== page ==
Emergency rooms are not for the fainthearted. Everything happens so quickly and split-second decisions could mean the difference between life and death. On top of an already stressful environment, pediatric doctors must be mindful of adjusting adult dosages for children in seconds. Enter, Handtevy, a life-saving dosage app employed in hospitals nationwide.
Peter Antevy, the founder of Handtevy and medical director of over 2,000 paramedics in three different counties, knows from personal experience how terrifying dosage errors can be. He gave a pediatric patient ten times more epinephrine than was safe. After she recovered, Peter vowed to ensure this would never happen again.
Peter explains why pediatric dosing is so tricky: “Just to give you an example, a one-year-old, a five-year-old, and a ten-year-old all need the same kind of series of drugs, but they’re all dosed very differently based on their size. The equipment is based differently on their size, and it’s impossible to know that information on the fly.” Peter didn’t set out to create life-saving software to solve this problem, but that’s the kind of forward thinker he is.
Until now, doctors had adjusted doses by laying out a piece of paper alongside the child, “almost like an index card that you rolled out and put to the side of the child, and where their feet land, there’s a box that lists about 45 different drugs. You have to look at the dose, calculate the volume from it, and do a math calculation in your head.” It’s easy to see why this is extremely error-prone.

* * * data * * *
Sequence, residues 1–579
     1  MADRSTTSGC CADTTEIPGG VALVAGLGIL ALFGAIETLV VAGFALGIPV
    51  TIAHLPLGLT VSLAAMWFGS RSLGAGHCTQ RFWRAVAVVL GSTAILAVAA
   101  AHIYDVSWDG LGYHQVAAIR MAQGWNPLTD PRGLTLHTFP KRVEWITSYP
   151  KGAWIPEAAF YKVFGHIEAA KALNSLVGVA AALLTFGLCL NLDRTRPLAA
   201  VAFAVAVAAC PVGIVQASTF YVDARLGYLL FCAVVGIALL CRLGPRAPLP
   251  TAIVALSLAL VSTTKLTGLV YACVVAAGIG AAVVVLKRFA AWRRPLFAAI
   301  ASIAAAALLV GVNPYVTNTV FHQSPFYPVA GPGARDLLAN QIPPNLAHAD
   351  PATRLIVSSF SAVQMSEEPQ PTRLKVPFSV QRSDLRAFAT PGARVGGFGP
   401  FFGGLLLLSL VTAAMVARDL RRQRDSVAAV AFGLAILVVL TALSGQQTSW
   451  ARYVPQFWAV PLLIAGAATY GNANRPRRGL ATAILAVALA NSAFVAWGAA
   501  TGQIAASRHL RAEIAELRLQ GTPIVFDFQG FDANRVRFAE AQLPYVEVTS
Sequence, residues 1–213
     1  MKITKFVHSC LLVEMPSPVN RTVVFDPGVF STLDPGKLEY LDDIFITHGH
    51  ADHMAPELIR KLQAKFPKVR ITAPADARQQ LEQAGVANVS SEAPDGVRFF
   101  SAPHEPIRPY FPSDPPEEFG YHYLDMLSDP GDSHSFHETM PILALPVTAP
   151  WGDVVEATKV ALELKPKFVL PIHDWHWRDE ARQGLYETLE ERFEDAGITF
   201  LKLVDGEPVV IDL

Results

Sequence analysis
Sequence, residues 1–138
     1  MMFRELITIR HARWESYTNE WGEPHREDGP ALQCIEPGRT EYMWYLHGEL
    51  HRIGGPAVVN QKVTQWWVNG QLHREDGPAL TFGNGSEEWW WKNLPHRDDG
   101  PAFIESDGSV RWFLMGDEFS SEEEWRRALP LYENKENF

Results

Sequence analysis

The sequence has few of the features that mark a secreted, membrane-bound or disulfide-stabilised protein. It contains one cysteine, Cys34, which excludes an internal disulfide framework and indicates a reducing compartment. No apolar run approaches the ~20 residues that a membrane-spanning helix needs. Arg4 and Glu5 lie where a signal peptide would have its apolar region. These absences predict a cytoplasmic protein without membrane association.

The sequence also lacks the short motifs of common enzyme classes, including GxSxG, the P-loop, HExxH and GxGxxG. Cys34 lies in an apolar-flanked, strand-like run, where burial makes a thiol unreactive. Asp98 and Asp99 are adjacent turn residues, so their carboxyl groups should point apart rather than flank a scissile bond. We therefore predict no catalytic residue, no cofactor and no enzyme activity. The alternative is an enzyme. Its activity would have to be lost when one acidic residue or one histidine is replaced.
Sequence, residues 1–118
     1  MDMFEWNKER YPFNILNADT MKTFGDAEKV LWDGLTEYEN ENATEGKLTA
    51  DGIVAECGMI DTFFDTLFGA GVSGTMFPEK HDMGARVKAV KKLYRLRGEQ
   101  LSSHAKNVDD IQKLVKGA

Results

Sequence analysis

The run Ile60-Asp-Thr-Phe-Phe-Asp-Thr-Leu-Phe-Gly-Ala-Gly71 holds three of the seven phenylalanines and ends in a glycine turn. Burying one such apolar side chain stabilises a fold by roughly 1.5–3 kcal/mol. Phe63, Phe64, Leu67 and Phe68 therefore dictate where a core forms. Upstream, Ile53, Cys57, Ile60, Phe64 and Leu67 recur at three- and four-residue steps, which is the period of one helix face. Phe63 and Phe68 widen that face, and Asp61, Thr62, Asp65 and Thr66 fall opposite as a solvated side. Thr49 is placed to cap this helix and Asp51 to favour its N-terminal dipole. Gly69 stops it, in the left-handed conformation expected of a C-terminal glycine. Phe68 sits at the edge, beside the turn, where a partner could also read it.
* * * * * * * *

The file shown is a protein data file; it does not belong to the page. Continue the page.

Carnival Barker or Silicon Valley Insider?
Peter’s first solution was decidedly low-tech, more carnival barker than Silicon Valley. Peter came up with a way to use his hand as a way to remember dosages. Peter describes this as follows: “Tell me the age of any child, just throw out an age as if I worked at the circus, and I can tell you the five most critical drugs in the dose and volume.”
Peter turned his formula into a tiny crib sheet that could fit on doctors’ badges and called it a “Badge Buddy.” The next thing he knew, doctors everywhere were asking for copies of their own. But he was asked to include many more medications on his cheat sheets. For that, he fired up his old computer and began plugging away.
Peter went super old school and in the little free time he had, went to Kinko’s to photocopy these Badge Buddies. The demand far outweighed this one-man operation, and Peter began to charge a nominal fee to cover expenses. The company had extremely modest and low-budget technology.
Handtevy Goes Digital, But the Transition Is Bumpy
That’s when Peter realized that building an app would help many more children by scaling much faster. So, Peter found a vendor to build the app but once it was ready, he realized he had zero customers. Up until this point, most EMS offices were run almost entirely without technology. A lot of EMTs were resistant to change.
So it wasn’t as simple as just introducing them to an app and telling them to use it. He had to convince the medical profession that it could save lives, and Peter began to proselytize every chance he could get. “Before you know it, we’re in all 50 states and 1,300 cities.”